I like watching the business ideas pitched on Shark Tank. In this weekly show, aspiring entrepreneurs pitch their services and products to wealthy investors. Not only do I feel inspired by the entrepreneurs while watching their pitch, but I also learn about the thought processes of successful businessmen (women).
“You’re dead to me.”
Kevin O’Leary, one of the investors, has a demeaning quip whenever the potential investment opportunity is no longer viable to to him. It sounds horrible, but it is an effective approach to running a business. You can’t take things personally in business. What are your goals? Do you plan to make friends or run a profitable endeavor? Don’t expect that you’d be able to run a successful business AND run a profitable business all the time? The last thing you want is to dwell on issues either out of your control or not in keeping with the plan.
This mentality also works in medicine. We are bombarded with information overload—an excessive number of clinical patients, excessive e-mails, and hiring/firing of staff. Prioritize and only sweat the details that you have control over. Even those issues under our direction need to be prioritized. I’m not a big fan of last-minute decision making, but trying to do everything at once is also a recipe for disaster.
Set your plan. Automate, and reassess frequently.
Learn to Hustle
Successful entrepreneurs hustle. They work out of a corner of their living room or build their businesses out of their garage. They eat and sleep their work. Some of them put their families’ livelihood on the line. As a doctor with a stable income, you probably don’t need to be so extreme, but hopefully you understand that there is a correlation between hard work and success.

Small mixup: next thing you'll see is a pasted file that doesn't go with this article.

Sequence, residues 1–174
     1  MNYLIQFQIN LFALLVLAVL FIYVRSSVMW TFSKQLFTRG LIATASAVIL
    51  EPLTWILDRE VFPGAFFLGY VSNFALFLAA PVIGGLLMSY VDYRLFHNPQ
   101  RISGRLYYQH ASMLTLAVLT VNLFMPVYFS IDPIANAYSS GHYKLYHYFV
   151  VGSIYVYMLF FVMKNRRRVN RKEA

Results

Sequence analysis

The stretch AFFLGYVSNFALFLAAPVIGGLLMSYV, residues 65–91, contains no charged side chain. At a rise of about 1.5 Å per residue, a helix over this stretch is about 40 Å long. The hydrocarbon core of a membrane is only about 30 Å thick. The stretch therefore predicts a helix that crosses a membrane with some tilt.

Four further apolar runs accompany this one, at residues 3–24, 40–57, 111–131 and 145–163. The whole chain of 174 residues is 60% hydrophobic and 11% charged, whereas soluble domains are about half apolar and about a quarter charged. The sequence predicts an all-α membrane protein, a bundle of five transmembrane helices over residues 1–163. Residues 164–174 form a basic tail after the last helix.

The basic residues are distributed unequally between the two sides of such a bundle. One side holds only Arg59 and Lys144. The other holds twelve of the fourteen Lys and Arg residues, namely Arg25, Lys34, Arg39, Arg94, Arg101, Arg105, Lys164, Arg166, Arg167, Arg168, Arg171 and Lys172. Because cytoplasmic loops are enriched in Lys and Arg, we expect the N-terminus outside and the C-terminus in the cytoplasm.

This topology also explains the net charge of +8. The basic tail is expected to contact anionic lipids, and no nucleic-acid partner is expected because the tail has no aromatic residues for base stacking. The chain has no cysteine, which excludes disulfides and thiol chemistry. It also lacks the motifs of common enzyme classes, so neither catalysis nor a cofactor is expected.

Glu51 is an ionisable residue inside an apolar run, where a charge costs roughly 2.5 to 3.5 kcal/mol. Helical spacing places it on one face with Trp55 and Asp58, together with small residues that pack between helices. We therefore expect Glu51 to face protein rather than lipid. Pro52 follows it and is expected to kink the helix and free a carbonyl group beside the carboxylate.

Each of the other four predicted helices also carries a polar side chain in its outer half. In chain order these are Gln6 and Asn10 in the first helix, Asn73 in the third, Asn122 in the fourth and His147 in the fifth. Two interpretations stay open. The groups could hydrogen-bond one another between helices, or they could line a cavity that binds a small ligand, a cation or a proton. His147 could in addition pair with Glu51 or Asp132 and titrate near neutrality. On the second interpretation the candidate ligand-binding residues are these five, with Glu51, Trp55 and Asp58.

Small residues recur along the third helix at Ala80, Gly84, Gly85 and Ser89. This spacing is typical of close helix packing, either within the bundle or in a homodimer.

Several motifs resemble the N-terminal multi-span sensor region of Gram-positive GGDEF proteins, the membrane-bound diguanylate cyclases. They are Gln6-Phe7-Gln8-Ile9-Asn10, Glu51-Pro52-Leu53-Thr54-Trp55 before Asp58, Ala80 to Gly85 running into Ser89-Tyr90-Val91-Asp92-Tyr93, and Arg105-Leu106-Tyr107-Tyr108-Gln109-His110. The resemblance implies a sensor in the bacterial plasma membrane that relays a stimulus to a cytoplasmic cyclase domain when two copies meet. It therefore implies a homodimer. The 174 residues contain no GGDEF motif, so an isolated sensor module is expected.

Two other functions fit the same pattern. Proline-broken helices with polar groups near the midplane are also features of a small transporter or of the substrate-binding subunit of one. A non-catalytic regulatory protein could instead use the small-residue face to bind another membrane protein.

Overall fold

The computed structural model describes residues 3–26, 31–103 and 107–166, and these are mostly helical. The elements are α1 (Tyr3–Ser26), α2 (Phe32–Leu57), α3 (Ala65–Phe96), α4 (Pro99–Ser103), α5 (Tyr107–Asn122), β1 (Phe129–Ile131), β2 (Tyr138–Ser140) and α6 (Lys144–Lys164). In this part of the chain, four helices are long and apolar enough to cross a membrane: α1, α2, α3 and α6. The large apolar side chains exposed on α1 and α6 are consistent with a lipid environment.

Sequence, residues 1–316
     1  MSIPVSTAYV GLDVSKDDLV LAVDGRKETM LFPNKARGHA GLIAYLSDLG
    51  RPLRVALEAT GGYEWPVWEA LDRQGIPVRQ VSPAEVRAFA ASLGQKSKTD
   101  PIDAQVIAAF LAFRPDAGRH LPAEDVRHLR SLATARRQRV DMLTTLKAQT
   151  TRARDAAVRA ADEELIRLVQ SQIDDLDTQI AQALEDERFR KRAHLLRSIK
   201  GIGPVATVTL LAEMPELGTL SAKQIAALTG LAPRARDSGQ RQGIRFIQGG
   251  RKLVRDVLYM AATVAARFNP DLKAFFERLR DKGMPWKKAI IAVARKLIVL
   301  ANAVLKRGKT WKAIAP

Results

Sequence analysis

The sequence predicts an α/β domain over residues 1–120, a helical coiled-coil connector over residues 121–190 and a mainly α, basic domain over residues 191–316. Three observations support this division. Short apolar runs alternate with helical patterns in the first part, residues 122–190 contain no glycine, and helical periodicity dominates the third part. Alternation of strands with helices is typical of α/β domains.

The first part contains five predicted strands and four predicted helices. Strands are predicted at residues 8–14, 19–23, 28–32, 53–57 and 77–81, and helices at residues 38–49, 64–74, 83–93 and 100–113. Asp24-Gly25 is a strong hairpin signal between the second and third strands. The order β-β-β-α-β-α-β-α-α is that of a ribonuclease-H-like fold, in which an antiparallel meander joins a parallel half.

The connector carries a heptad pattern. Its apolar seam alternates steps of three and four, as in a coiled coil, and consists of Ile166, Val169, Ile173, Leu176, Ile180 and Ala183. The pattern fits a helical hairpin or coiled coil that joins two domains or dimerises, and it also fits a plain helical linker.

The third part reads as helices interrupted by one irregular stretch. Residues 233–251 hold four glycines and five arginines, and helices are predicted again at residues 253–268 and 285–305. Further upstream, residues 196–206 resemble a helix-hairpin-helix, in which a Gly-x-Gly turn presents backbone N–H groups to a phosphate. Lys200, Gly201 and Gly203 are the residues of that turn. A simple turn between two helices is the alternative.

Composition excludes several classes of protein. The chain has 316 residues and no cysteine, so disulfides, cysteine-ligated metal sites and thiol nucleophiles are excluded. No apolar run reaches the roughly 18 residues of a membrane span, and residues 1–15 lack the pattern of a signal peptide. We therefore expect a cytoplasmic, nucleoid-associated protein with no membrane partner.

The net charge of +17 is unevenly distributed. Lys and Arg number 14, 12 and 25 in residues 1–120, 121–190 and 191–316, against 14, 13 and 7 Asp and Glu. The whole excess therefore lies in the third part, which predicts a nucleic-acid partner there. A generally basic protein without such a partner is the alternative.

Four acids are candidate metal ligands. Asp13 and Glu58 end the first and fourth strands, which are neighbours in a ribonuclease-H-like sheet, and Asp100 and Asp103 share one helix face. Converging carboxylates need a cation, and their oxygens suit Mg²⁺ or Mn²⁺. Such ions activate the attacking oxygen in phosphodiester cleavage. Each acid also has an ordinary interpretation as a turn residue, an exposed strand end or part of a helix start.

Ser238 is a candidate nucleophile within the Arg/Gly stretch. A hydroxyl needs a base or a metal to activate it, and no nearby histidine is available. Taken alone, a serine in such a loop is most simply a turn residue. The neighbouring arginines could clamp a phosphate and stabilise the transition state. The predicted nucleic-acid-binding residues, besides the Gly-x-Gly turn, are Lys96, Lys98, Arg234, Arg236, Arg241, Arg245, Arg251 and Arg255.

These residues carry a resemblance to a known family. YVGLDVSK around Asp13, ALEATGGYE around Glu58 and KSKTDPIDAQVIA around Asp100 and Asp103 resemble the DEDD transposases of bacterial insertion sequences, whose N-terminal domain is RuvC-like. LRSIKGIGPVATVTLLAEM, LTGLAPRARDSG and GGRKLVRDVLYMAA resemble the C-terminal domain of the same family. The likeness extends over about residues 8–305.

You will be more productive in your work if you hustle. It may be more stressful, but remember that you are always compensated at a rate that is dictated by efficiency. I have seen plenty of Internists spend an extra 2-3 hours closing notes and following up lab work after they’ve signed out. This is mostly a problem with our healthcare system, but we still have to adapt. How can you function during your work day more efficiently so that you don’t have excess work to deal with after hours? Are you able to take a short lunch break? What about following up on labs in between patients and consults? If you are a dermatologist seeing fifty patients a day, can you get a scribe?
Hustle while you are at work. You might need to do it for a few years, but no matter how much you work, you probably still have a better lifestyle than you did while you were in training. After you hit your financial goals, you can cut back.
What characteristics of an entrepreneur do you mimic?
(Photo courtesy of Flickr).